Waterproofing Showers, Part 4: Sheet-Applied Membranes Done Right

The shower is the assembly that faces the most water management details in home construction. The penetration power of shower water is far greater than natural rain when soaps, oils, gels, and other surfactants are present. Water-management details, including sheet-applied membranes, are therefore crucial in a shower.


What You Need for Shower Waterproofing Using a Sheet-Applied Membrane

In the last twenty years, sheet-applied waterproofing membranes have become more popular, with several manufacturers on the market.

A waterproofing system can be cobbled together using a combination of brands, but I recommend going the complete-kit route for the full benefit of the manufacturer’s warranty.

Make sure you read and follow the instructions included with the kit, as well as the warranty. Many of these companies provide great warranties, and some are even better if you use one of their certified installers.


Doing It Right: Correct Installation for Sheet-Applied Waterproofing Membranes

In order to properly install a sheet-applied waterproofing membrane, the following things must be considered:

  • Install approved waterproofing backer-board on wall framing no larger than 16 inches on center. Fasten with appropriately sized, noncorrosive fasteners in the proper nailing pattern, usually 6 inches on center.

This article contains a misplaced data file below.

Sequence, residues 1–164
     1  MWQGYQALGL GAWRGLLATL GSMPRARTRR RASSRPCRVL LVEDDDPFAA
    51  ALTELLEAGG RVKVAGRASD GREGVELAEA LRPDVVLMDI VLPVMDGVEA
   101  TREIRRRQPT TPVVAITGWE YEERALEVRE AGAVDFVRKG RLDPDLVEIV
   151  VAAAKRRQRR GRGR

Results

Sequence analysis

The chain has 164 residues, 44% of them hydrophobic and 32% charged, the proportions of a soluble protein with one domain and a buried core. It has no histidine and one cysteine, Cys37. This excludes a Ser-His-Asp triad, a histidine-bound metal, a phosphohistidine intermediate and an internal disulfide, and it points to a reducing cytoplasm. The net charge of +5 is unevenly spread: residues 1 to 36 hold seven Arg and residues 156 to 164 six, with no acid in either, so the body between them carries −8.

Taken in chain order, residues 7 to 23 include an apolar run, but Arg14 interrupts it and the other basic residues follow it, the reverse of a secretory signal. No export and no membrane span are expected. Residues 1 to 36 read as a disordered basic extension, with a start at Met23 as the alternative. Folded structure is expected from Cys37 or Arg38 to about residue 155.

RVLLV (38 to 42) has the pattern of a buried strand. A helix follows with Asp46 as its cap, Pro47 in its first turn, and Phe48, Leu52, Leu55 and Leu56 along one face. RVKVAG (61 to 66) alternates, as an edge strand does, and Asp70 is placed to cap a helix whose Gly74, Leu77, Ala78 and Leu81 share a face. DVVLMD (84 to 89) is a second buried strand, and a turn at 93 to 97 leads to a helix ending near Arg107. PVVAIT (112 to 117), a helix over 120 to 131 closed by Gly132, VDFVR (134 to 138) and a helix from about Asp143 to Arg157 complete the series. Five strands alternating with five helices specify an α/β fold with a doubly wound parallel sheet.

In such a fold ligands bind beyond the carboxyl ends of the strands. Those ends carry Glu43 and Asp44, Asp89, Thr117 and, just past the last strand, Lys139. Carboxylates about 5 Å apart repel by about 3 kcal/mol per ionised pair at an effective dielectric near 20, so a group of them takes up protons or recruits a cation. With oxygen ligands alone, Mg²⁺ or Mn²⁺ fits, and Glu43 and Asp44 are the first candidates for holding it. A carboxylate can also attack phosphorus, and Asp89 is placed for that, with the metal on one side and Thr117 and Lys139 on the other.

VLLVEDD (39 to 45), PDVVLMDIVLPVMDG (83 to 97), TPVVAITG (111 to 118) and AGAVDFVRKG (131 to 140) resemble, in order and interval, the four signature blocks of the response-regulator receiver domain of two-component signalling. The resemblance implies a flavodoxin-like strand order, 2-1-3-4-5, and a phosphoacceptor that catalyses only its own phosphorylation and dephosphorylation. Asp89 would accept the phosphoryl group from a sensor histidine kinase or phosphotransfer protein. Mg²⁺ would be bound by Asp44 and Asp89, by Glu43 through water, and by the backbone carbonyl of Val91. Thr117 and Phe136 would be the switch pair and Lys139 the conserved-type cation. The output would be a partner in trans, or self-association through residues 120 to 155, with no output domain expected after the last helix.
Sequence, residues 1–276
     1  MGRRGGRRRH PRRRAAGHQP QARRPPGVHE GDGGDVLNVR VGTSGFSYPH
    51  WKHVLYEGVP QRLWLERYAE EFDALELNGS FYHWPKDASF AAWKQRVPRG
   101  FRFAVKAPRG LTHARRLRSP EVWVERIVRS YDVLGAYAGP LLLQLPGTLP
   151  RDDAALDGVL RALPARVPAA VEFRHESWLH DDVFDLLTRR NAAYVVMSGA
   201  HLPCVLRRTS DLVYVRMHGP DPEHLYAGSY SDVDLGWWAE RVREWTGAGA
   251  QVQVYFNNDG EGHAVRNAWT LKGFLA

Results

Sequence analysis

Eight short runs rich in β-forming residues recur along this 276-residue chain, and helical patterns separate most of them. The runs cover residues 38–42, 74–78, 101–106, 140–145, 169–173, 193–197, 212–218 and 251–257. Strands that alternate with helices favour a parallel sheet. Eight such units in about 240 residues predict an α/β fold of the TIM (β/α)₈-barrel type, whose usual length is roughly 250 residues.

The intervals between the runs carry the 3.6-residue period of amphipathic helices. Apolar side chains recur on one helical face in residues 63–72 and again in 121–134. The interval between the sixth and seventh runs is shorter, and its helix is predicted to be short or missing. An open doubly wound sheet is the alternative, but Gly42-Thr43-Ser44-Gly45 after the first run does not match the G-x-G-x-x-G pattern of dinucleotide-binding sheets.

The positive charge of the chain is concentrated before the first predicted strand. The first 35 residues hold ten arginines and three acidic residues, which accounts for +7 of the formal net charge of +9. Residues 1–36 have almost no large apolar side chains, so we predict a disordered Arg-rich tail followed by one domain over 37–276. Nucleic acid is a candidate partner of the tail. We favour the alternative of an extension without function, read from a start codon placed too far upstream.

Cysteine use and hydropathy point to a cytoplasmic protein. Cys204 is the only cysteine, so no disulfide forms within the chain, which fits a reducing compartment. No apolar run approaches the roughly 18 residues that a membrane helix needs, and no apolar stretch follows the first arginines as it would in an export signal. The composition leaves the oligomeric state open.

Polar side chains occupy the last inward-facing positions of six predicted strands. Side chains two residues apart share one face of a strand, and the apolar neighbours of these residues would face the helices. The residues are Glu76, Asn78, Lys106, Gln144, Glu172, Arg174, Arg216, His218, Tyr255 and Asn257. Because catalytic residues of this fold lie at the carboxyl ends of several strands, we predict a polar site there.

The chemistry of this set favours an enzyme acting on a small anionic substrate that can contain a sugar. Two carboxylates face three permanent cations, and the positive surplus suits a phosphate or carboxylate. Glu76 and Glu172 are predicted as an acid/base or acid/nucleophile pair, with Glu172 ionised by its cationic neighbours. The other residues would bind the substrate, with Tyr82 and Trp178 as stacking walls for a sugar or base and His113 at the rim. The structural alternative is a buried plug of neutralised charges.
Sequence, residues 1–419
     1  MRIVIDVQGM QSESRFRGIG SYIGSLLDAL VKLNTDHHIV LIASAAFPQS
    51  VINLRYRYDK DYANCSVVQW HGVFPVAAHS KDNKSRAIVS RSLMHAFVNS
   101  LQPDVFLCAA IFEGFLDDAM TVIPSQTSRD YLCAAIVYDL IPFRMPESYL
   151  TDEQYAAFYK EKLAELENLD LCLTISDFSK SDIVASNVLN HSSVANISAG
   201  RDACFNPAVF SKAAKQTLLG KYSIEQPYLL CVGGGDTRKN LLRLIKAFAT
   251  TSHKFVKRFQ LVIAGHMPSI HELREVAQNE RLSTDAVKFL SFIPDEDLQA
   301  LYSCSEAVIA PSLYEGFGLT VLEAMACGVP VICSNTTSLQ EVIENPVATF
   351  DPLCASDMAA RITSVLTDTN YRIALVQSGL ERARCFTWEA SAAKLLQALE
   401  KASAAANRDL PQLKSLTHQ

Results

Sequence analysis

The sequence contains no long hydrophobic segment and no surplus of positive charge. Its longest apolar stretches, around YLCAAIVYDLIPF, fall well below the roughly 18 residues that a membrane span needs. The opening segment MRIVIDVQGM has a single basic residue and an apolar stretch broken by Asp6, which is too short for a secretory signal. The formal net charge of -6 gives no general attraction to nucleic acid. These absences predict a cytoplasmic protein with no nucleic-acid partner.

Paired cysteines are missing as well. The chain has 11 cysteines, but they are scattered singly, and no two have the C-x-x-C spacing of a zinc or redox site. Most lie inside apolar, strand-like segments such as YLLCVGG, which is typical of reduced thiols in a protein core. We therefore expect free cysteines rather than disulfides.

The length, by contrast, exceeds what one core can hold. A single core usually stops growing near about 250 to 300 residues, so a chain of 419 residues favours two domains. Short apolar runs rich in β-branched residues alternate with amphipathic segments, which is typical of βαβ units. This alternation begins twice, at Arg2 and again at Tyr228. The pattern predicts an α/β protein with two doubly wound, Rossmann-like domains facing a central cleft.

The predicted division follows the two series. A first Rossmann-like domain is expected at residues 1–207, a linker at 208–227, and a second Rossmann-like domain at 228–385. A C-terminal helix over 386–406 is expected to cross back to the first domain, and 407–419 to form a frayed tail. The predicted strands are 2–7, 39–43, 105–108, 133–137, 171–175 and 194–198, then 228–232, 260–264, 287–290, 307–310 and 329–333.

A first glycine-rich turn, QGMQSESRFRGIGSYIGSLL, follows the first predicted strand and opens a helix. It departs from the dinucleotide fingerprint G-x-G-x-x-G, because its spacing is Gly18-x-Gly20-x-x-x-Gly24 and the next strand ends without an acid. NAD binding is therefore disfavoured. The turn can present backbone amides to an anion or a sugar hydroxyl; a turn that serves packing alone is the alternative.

• When installing a custom tile pan, make sure it is pre-sloped; some manufacturers offer pre-sloped foam panel kits. In other cases, dry-pack mortar must be used to create the slope.
  • Fit built-in seats with a fall of at least 14 to 12 inches per foot towards the drain.
  • Apply the membrane to the substrate using the manufacturer’s recommended thinset (some call for unmodified thinset) and a grooved trowel, such as a 1/8-inch square-notch trowel.
  • Prefabricate corner pieces for all inside and outside corners and for the seat, niches, and curb. You may need to find a supplier who makes these, because not all waterproof membrane manufacturers do.
  • Make sure that custom escutcheons made for pipe and valve penetrations are installed properly.
  • Make sure the membrane is properly integrated with the manufacturer-approved drain. Make sure that all seams and joints have a minimum 2-inch overlap, and make sure there are no air bubbles under the membrane.
  • When the shower is going on a prefabricated pan or the walls of a bathtub, lap the membrane over the flange of the pan or tub and seal it to the flange with a manufacturer-approved sealant.

If the shower cannot be used before installing the tile or solid surface finish without leaking, it is not ready for tile installation or solid surface finishing. The shower can be used with tiles and water tight waterproof membranes. Although it might not be attractive, it would be functional.